Ham radio is a small service when it comes to legislative priorities. While we might like to think our legislation is as important as a stimulus package for the economy, the truth of the matter is that we don’t count for much in the legislative priority process in the states and Washington.
In other words, our legislative priorities need to adequately speak to the legislative needs of the hobby.
Just published in QST, the ARRL Board of Directors approved the following legislative and regulatory objectives. The first on the list:
I translate that one to CC&R restrictions in subdivisions. There are many threats to the long-term health of ham radio, but covenants rank up there as the highest one for me. Ham radio operators always have that additional requirement for where they live – can I put up an antenna? Or five? Without antennas, we can’t communicate. We can’t provide emergency communications, support weather spotting efforts, handle traffic – or have much fun.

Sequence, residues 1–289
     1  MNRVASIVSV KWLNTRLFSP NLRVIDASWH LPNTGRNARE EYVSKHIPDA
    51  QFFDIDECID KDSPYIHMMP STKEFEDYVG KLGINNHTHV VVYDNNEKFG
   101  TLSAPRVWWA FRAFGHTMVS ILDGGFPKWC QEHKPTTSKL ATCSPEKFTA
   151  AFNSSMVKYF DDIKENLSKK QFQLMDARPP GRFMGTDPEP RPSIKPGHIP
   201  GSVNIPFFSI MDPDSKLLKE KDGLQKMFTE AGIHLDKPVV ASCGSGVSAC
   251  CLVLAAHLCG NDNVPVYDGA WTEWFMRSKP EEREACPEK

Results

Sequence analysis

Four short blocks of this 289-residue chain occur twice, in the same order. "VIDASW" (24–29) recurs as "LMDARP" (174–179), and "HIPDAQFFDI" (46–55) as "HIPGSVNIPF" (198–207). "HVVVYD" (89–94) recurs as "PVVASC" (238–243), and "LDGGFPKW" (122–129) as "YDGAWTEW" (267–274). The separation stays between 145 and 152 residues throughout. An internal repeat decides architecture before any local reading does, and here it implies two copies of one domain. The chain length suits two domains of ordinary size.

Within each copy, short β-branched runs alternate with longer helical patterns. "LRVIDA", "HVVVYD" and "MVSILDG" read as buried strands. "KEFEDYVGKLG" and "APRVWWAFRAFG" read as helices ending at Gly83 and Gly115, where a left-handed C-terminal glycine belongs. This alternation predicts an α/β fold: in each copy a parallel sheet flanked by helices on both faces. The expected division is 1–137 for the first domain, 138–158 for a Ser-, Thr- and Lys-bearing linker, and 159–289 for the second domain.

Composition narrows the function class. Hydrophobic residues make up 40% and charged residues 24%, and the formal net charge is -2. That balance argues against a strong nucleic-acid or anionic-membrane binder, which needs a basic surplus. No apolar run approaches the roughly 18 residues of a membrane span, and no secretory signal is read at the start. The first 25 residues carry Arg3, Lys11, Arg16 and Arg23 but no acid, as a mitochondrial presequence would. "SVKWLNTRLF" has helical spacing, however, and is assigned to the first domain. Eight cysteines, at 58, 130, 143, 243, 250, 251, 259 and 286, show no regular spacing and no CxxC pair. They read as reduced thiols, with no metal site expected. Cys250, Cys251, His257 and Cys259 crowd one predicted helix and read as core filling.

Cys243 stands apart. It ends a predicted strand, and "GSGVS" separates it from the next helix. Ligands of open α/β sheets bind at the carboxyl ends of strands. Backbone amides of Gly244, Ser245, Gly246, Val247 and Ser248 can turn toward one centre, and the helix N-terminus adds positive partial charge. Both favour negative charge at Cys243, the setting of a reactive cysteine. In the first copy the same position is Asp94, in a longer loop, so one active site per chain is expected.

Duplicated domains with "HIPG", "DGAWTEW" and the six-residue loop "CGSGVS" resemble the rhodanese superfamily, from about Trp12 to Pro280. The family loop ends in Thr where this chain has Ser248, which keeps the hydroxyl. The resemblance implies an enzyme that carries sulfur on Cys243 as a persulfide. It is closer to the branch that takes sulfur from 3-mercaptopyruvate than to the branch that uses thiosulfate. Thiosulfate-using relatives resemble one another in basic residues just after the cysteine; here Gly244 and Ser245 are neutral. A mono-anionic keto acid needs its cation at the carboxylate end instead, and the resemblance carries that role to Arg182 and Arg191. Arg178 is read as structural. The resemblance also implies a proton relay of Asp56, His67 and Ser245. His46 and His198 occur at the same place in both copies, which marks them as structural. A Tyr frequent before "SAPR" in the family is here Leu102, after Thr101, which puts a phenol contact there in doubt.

Increasingly, we are forced to use extremely modest, poorly radiating antennas to communicate. And, paradoxically, these lower antennas increase the chance of RF interference to our neighbors because we can’t get the antenna high enough to move the signal out of the way of our surrounding houses.
So I think the ARRL nailed this one on the head. We need to have legislative relief from the CC&R contracts to reasonably accommodate our antennas.
Not an easy job to do, but one necessary for the preservation and growth of our hobby.